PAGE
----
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I have a static website and it's security depends on people not knowing that a secret file is at example.com/Path/To/Secret/File.pdf. Assuming that the path to the the file is not randomly generated, is this safe?

Update: the path is not that obscure. It would be like domain.tld/Files/Password.txt. Not anything like GUID or random strings.

marked as duplicate by Xander, Community Dec 7 '16 at 2:03

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To answer the question in the title, yes, that's security through obscurity.

While the security community generally frowns upon that, in some situations that can be appropriate - for instance, semi-private files on a CDN, with a long random-ish string in the URI, that need to be accessed by a variety of clients for whom handling authentication is difficult.

Your situation, though, is a bit different, in that you explicitly are not using a hard-to-guess filename. This means that someone who has never been given access to the file still has a reasonable chance of finding it.

A broader problem with this sort of security is that you cannot easily revoke access for specific users. If one person has been granted access, they continue to have access, which can be a problem if, say, they were an employee and they've now left the company. It also allows them to send the link to others, either publicly or privately, and those others will now have access, even if you did not intend to grant it to them. Again, in some situations this is acceptable (if it's a file that isn't frequently updated, they could simply save it onto their computer and achieve the same thing), but this will depend on your situation.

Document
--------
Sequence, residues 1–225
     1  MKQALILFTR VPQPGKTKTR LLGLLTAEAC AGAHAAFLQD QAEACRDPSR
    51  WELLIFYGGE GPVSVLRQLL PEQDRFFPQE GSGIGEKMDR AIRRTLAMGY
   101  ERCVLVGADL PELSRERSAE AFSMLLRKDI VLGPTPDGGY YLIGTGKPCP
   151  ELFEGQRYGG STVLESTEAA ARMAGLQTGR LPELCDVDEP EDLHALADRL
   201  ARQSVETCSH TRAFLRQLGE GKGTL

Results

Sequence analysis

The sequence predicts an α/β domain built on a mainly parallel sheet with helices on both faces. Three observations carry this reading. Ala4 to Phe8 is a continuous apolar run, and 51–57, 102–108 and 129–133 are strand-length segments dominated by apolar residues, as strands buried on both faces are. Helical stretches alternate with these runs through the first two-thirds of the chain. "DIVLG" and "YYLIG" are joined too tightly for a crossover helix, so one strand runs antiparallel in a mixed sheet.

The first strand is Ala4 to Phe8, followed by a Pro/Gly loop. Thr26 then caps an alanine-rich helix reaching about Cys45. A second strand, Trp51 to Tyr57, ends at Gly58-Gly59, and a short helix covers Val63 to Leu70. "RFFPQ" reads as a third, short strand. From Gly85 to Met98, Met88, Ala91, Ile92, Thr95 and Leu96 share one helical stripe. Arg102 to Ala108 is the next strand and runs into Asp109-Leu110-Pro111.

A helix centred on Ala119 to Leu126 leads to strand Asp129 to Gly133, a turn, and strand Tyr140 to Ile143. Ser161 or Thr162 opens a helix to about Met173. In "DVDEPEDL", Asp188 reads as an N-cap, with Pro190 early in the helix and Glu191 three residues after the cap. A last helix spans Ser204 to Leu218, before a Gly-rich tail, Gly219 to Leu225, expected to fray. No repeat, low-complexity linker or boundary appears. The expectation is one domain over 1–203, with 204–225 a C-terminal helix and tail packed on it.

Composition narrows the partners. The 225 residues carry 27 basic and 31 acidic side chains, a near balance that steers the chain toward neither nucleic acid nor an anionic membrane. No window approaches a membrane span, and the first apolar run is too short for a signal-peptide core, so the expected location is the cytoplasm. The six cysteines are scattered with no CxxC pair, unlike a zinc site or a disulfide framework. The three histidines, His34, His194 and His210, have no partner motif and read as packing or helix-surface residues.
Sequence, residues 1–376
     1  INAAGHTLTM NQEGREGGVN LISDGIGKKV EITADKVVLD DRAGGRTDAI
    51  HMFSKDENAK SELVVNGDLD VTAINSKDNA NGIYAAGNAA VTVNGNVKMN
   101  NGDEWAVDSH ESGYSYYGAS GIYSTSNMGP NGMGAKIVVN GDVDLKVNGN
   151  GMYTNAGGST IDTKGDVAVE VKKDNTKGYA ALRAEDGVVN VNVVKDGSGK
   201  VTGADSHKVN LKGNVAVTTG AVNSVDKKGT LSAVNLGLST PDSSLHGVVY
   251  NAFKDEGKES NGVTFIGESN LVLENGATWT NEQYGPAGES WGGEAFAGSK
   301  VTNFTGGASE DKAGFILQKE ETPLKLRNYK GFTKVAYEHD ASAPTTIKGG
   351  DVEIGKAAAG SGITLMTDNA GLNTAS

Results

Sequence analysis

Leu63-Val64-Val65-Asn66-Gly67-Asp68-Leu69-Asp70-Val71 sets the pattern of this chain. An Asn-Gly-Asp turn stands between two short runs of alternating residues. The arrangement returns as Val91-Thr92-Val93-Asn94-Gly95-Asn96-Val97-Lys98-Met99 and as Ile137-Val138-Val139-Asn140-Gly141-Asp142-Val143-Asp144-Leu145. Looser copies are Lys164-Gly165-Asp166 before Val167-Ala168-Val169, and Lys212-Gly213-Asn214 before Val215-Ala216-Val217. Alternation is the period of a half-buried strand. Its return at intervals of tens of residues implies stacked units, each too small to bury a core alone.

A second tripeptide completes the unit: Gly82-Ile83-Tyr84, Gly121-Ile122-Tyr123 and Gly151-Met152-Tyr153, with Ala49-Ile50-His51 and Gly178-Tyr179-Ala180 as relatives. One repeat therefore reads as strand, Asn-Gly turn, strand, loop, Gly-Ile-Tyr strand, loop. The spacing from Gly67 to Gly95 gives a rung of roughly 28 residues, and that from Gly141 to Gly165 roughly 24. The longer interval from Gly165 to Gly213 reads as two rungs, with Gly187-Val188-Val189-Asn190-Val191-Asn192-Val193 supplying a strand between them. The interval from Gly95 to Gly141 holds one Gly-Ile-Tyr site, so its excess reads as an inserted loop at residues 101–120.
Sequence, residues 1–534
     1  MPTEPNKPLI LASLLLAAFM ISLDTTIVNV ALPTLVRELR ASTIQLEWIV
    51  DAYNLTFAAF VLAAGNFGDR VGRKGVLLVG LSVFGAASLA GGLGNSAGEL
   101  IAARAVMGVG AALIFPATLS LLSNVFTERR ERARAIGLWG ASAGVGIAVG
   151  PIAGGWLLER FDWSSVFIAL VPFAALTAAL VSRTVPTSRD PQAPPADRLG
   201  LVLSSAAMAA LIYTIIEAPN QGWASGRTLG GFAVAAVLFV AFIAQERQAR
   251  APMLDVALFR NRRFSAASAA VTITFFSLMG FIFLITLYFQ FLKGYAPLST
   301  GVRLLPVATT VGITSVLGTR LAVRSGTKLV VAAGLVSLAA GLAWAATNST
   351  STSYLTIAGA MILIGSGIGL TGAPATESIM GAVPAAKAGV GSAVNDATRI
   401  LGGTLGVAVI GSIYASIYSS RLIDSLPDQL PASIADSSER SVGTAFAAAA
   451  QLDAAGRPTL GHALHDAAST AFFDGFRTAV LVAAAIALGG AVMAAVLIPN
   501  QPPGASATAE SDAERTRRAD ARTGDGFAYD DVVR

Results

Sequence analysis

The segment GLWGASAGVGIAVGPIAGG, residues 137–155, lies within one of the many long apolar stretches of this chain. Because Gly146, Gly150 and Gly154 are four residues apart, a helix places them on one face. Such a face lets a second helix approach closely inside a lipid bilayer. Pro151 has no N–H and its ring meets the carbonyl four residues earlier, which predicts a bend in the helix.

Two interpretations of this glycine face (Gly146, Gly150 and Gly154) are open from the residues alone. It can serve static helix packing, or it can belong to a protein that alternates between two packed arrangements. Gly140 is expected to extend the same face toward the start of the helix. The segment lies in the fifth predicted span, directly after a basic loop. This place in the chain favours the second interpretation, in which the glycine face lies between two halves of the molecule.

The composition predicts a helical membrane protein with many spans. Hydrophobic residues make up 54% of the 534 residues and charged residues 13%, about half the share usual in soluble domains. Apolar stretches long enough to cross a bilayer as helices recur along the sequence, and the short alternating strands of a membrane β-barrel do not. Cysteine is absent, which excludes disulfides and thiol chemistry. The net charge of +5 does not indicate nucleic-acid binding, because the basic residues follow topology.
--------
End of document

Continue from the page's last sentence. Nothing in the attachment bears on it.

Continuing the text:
• Currently, I have a txt full of passwords stored at mydomain.com/passwords.txt. Gonna go change that. – jkd Dec 7 '16 at 0:38
  • @jakekimds https-only, I hope.... – drewbenn Dec 7 '16 at 0:40
  • @drewbenn Not really. But as I said, I changed it to password12345.txt now, so it should be safe. jk I took the file offline, and it wasn't HTTPS because certificates are expensive. – jkd Dec 7 '16 at 0:42
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    This is getting rather off-topic, but with the advent of Let's Encrypt, money should no longer be considered a reason to avoid implementing HTTPS. – Xiong Chiamiov Dec 7 '16 at 0:44

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